Apple: the next iMac would adopt a new design and an Apple Silicon processor this year

For the first time since 2012, Apple would finally renew the design of its iMac. In 2021, Apple is preparing at least three new desktop Macs. According to Bloomberg's Mark Gurman, who also released information on future MacBook Pros and iPhone 12 successors in recent days, Apple will announce an iMac and two Mac Pros in 2021. The transition to Apple Silicon processors gives a new blows to the computers of the Californian giant.     iMac: finally an edge-to-edge screen This year, the iMac could change completely. Mark Gurman indicates that the borders of his screen would be much smaller, like Pro Display XDR, the ultra high-end screen launched by Apple with the Mac Pro in 2019. The back of the computer would also abandon the curvature in favor of a completely flat frame.  This new iMac would also be equipped with an Apple Silicon processor, probably a more powerful chip than the Apple M1 chip currently present in the MacBook Air, MacBook Pro and Mac mini. The 2021 iMac is reportedly

European countries and companies pledge to reduce plastic waste

Thirteen European countries and dozens of companies pledged on March 6 to use less plastic and to recycle more, a decision that NGOs have deemed positive but which cannot replace government regulations on plastic pollution. The Netherlands, France and Denmark spearheaded the "European Plastics Pact", which has also been signed by a multitude of companies.
European countries and companies pledge to reduce plastic waste

20% less virgin plastics, and 30% recycled plastics in products. Participants commit to making their plastic packaging "reusable if possible and in any case recyclable" by 2025, while increasing the capacity for collecting, sorting and recycling plastics by 25%.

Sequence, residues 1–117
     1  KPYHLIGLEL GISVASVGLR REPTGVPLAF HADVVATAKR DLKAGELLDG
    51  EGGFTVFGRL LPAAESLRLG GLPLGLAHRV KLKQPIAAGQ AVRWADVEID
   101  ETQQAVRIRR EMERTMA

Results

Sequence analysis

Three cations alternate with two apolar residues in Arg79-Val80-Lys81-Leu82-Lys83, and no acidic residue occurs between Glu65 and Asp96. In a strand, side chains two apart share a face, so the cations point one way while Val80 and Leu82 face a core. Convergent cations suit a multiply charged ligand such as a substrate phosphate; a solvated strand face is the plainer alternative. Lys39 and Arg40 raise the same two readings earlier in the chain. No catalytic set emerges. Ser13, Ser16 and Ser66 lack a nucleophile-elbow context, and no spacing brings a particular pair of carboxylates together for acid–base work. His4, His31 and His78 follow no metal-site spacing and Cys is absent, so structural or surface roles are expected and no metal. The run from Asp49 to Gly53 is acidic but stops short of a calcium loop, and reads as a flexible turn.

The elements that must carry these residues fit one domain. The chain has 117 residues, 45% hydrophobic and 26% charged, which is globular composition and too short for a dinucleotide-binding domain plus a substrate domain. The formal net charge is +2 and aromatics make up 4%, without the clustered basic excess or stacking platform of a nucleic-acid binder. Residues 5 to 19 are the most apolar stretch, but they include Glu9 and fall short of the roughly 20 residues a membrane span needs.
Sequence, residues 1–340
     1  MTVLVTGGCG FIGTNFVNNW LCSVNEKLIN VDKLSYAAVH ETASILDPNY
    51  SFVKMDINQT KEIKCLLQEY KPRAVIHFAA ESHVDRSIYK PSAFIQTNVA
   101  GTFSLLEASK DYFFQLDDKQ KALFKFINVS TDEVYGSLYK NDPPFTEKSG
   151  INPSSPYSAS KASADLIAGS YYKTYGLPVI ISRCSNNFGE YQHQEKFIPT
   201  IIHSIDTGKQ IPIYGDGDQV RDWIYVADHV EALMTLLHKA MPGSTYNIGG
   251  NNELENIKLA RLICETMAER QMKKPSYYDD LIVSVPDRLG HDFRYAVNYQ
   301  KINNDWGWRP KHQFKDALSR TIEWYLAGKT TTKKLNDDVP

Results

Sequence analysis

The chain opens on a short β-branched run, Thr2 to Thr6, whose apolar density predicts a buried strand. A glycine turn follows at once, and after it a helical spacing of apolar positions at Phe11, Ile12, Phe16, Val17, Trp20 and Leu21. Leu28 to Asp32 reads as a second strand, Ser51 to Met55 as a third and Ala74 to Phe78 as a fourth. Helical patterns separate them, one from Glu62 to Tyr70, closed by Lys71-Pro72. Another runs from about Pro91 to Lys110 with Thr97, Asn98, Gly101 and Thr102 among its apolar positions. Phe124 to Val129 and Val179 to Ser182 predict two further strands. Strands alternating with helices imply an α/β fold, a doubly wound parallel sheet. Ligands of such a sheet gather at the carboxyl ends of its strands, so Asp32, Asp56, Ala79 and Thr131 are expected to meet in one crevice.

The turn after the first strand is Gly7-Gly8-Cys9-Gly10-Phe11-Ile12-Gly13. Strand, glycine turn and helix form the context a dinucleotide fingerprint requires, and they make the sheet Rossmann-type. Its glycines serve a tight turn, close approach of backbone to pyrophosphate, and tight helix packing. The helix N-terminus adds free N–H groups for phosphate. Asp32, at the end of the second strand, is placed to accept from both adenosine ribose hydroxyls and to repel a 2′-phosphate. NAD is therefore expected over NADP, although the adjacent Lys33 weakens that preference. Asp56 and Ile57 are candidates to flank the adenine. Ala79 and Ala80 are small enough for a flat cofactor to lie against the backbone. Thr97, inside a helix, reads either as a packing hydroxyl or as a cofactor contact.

They aim to produce at least 20% less virgin plastic - that is, newly manufactured plastics that do not contain recycled materials - by 2025. Businesses will need to use at least 30% recycled plastics in their products and packaging by 2025.

"If we are to fight climate change, we have to look beyond it, from energy to materials. We need to start treating plastic as the precious raw material it is and keep it out of our oceans, "said Dutch Environment Minister Stientje van Veldhoven.

The NGOs welcomed the commitment, but said that they also expected commitments from governments. "The pact remains completely voluntary and cannot be seen as a replacement for ambitious regulatory measures on single-use plastics and packaging," said Delphine Levi Alvares of Zero Waste Europe.

The EU will ban straws, cutlery and single-use plastic plates by 2021 to prevent them from polluting the environment. On March 11, the bloc will unveil its "circular economy" plan to reduce waste in plastics and construction. Researchers estimate that the world has produced more than 8.3 billion tonnes of virgin plastics. Only 9% of this waste has been recycled, 79% ending up in landfills or in the natural environment, and the rest incinerated.